With a set target of 298 to win, Pakistan were cruising along in the second knock at 77 for one when Jayawardene grabbed a catch, again off Murali, to send Inzamam back to the pavilion. When Jayawardene caught Waqar Younis off Murali the Pakistan scorecard read 8/222, with Saeed Anwar still at the crease. However, after Chaminda Vaas had dismissed Anwar it was left to the old duo of Jayawardene-Murali to get rid of Arshad Khan. Jayawardene had six catches in the match that Sri Lanka won by 57 runs.
Kallis could walk into any team on the strength of either batting or bowling alone. A hidden gem that underscores why Kallis’s name must be among those of the greatest all-rounders of all time is his catching record in Tests. In 166 Test matches, Kallis took 200 catches. That record is more impressive considering how often he was used as a third seamer and did not get to field in close-in catching positions as much as he would have liked.
In the third Test of a series when Sri Lanka toured South Africa, the two sides met at Cape Town in January 2012. Batting first, South Africa piled up a huge score of 580/4 declared in which Kallis himself made the top score of 234. In reply, Sri Lanka were reasonably placed at 189 for 4 when Kallis caught Jayawardene off Dale Steyn to trigger a collapse in which Kallis also had a hand in the dismissal of Samaraweera off the bowling of Vernon Philander.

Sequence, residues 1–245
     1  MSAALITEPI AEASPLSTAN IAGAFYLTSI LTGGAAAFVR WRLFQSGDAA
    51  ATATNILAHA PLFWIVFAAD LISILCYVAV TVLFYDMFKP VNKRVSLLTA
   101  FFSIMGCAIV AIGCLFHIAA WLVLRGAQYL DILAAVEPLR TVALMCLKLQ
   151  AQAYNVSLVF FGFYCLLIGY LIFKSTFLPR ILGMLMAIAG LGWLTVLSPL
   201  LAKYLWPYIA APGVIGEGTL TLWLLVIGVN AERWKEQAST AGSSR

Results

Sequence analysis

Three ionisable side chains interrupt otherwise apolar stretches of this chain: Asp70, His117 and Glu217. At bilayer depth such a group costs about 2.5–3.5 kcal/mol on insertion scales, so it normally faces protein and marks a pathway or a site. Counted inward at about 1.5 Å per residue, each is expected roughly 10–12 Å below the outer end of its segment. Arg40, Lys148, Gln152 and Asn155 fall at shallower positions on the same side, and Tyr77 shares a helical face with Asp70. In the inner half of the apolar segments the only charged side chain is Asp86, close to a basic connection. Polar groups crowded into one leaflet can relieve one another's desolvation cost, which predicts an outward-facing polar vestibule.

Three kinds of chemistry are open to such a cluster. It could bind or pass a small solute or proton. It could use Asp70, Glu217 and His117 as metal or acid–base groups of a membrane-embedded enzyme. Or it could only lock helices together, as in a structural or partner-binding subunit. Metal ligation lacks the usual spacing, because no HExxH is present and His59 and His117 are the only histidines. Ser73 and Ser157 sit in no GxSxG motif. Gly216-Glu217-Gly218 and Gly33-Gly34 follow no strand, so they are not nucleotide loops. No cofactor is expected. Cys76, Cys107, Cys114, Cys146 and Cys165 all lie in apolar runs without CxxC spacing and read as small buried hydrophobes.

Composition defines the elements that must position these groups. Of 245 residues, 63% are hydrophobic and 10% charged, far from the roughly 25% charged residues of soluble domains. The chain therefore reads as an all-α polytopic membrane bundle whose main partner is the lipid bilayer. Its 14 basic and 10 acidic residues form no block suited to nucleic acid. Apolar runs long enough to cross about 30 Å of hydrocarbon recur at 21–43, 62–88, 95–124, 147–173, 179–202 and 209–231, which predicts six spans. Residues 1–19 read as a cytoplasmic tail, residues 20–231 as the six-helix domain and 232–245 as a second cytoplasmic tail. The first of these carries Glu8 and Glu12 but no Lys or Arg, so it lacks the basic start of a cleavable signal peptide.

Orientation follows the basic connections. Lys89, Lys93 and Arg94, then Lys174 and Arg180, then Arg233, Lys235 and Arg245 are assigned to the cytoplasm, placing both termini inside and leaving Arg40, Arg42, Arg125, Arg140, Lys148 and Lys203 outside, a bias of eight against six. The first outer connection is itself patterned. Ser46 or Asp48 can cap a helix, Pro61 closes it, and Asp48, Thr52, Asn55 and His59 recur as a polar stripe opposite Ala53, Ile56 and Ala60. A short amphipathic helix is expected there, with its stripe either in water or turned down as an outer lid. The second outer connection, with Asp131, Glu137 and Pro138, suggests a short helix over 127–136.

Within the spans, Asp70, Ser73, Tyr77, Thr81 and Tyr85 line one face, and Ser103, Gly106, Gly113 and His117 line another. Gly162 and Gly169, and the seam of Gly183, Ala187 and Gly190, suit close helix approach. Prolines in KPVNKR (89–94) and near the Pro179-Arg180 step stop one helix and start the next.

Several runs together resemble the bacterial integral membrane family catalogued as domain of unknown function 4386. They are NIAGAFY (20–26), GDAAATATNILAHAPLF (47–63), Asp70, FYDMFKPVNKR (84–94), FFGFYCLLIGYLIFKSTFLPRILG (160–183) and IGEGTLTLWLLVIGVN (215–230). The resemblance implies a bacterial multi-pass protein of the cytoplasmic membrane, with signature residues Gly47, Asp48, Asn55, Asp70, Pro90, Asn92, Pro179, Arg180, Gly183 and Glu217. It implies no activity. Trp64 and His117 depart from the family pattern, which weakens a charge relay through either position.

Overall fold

After bowling out Sri Lanka for 239, South Africa enforced the follow-on. In their second outing, the visitors lost 4 wickets for 98, thanks largely to the dismissals of Sangakkara and Jayawardene, both to catches by Kallis off Imran Tahir and Morkel, respectively. Sri Lanka staged a fightback. At 5/248, Sri Lanka were beginning to believe they could escape with a draw, especially as Samaraweera was still at the crease, in the company of Chandimal who was no rabbit with the bat. But Kallis had other ideas. After catching Chandimal off Philander, he was involved in a brilliant caught-and-bowled dismissal of Herath as the visitors’ innings terminated at 342, leaving South Africa to score two runs for a victory. Kallis capped his match-winning show with six catches.
If only he had not had to play with Mark Waugh, another great slip catcher, for a good part of his early test career, Ricky Ponting would probably have got many more Test catches than his eventual tally of 196 catches from 168 matches. Ponting was not only a great catcher but an extremely athletic fielder who ran out many players with accurate throws throughout his cricketing career. In 560 international appearances made for Australia, Ponting managed to run out as many as 80 batsmen.
It was the first Test of the series held at Adelaide in December 2001 when South Africa toured Australia. Batting first, Australia scored 439. South Africa in reply began well with an opening stand of 87. However, after McGrath had got Gary Kirsten out lbw, Ponting got into the act to catch Dippenaar off the same bowler to reduce the visitors to 2/93. After a hard-fought innings, in which Ponting also helped get rid of Ntini with Warne the bowler, South Africa managed to get to 374, curtailing Australia’s lead to 65.